after Easter both included.
The season of Lent is rapidly approach
ing. It will begin this year en the 11th of
February, much earlier than it has done
since the year 18G9. This will bring the
high festival of Easter this year en the
28th of March, which is within six days of
the earliest period upon which it can ever
possibly occur. In some years Easter
falls as late as the 23th of April. Seme
years there are as many as nine Sundays
between Epiphany and Ash Wednesday,
but this year there will only be five Sun
days intervening between the jubilee of
Epiphany and the solemn season of Lent.
THE BIBLE SOCIETY.
ITS S1XTX-FIFTH ANNIVKRSAKY.
Twe Crowded Churches Addresses by Elo
quent Clergymen and an Eminent Layman.
The Lancaster City Bible Society was
established in 1813 and has such a geed
record for continued effort and auspicious
results of its work that the celebration of
its sixty-fifth anniversary last evening was
an occasion of such interest as te be receg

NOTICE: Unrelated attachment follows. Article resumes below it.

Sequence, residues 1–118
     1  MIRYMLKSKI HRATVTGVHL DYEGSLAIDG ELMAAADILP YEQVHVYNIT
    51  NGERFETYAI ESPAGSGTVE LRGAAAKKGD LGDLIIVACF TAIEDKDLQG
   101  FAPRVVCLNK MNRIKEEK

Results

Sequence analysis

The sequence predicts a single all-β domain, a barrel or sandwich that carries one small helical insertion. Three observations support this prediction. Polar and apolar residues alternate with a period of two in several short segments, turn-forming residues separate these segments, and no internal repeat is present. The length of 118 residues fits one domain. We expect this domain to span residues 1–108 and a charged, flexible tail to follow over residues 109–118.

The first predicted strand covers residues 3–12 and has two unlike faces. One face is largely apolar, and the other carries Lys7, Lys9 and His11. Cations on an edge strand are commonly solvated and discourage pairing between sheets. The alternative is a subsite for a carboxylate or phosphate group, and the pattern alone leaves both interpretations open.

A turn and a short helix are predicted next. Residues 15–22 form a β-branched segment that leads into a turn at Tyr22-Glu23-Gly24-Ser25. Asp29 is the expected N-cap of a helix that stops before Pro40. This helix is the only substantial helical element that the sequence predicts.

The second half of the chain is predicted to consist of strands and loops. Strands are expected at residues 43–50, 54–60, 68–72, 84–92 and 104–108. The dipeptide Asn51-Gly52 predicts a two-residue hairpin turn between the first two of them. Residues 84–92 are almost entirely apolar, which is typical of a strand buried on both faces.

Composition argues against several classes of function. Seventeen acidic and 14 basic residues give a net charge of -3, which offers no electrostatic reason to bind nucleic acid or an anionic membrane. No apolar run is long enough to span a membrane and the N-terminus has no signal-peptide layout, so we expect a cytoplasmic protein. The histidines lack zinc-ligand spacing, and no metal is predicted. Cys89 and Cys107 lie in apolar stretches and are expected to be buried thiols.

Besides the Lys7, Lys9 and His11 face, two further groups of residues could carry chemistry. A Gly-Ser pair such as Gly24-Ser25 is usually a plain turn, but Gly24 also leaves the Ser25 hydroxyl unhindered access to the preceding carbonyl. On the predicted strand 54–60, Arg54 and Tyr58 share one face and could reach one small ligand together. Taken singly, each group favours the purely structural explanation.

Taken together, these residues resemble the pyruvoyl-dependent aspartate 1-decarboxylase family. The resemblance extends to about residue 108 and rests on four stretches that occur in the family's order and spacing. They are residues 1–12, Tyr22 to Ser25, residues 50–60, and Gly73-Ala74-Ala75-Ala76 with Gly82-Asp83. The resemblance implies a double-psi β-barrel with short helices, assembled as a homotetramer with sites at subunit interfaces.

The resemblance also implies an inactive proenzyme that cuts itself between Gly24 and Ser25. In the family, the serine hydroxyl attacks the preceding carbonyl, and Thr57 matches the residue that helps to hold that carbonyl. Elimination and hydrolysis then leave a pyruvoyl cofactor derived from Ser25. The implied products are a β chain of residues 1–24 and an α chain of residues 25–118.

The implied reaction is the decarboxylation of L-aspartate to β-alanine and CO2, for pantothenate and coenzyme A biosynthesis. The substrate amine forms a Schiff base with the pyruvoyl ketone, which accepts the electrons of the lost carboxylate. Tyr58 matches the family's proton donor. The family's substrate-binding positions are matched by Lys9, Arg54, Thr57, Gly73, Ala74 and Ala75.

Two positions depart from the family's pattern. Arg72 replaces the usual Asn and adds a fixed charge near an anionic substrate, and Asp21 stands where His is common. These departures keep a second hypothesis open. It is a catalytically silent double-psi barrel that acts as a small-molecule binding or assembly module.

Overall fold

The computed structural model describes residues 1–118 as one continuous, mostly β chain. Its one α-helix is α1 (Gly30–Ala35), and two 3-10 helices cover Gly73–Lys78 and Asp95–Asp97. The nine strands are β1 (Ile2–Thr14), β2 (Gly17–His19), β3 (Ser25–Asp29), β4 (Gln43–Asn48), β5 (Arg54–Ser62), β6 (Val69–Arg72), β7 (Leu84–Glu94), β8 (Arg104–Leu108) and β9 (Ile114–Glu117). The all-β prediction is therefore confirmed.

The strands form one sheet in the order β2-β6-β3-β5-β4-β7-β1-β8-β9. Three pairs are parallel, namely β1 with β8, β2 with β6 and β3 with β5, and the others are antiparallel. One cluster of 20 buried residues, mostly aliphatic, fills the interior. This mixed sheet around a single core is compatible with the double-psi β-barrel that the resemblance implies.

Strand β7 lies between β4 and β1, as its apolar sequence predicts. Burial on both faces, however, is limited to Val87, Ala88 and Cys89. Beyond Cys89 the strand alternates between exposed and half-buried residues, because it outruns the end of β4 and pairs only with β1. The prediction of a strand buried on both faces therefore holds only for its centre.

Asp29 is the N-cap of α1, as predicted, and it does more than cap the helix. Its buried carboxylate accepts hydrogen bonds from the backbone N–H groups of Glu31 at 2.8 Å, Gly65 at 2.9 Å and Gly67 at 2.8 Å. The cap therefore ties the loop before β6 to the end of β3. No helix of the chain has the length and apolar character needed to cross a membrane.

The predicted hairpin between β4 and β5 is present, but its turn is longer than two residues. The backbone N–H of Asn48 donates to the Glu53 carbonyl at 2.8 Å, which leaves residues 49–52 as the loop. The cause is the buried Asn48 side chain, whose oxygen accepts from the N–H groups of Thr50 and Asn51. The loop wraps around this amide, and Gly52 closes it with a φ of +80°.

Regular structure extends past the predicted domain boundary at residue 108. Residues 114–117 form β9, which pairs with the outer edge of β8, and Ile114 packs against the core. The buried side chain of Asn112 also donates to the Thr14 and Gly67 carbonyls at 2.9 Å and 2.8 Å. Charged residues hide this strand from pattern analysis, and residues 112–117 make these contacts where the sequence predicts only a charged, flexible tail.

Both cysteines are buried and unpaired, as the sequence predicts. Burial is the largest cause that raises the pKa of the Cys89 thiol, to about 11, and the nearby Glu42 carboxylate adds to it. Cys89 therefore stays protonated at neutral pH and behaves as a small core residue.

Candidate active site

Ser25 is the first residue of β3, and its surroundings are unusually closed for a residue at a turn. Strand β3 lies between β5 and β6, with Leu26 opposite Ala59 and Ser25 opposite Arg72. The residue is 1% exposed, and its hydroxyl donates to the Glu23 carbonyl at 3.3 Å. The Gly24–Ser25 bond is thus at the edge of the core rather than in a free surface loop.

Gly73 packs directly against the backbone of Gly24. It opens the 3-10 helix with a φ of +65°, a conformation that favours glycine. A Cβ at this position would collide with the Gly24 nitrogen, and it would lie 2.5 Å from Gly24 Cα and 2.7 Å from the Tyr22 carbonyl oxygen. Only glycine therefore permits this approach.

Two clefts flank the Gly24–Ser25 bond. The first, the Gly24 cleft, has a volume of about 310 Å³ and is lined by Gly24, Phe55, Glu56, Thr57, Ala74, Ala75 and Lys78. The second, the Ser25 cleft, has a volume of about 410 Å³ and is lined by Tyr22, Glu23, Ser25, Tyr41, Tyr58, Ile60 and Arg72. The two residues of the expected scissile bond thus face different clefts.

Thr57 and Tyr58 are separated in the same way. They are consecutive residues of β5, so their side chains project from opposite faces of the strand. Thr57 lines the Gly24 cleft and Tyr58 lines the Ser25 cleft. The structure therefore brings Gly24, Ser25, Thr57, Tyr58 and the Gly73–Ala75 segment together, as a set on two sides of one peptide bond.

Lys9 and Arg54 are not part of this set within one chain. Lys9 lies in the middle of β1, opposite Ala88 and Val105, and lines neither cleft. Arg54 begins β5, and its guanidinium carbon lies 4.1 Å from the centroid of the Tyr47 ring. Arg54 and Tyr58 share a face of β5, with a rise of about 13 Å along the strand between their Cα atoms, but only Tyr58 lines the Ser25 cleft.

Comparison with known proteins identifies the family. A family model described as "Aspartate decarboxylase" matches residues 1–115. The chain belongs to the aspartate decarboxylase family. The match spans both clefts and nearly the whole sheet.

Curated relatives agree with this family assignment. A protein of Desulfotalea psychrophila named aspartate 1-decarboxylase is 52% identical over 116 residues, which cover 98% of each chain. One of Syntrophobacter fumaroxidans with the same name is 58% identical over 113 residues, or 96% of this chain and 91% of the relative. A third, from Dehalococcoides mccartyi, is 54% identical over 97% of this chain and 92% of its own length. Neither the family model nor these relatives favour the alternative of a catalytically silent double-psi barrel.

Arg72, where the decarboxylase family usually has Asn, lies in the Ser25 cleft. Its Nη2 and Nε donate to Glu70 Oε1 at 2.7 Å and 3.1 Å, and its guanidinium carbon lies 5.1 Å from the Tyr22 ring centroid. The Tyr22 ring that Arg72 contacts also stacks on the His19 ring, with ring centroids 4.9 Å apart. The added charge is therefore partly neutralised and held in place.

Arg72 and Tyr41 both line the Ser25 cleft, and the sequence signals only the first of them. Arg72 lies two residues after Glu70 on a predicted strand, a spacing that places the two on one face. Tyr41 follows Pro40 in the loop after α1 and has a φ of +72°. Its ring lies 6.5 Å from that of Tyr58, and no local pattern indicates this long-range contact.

nized by a general closing of the city
churches te give their congregations an
opportunity te attend the anniversary
celebration at the Duke street M. E. and
the Presbyterian churches, both of which
were filled with large and appreciate au
At the Duke Street Methodist.
Revs. Rescnmiller, Shultz, Hufferd and
Givler occupied the pulpit, and after sing
ing, prayer by Rev. Hufferd, and scripture
reading by Rev. Givler, the report of the
president of the local Bible society en its
operations for the past year was read as
We have cause for devout gratitude te
Ged, that we are permitted this evening
te celebrate the sixty-fifth anniversary of
the Lancaster Bible society. In the long
period that has elapsed since its organiza
tion, en Feb. 8th, 1815, it has steadily pur
sued its great and geed work, and " hither
to hath the Lord helped us. "
Ne institution in our city is of greater
importance in the work which it has
placed before it. It co-operates with our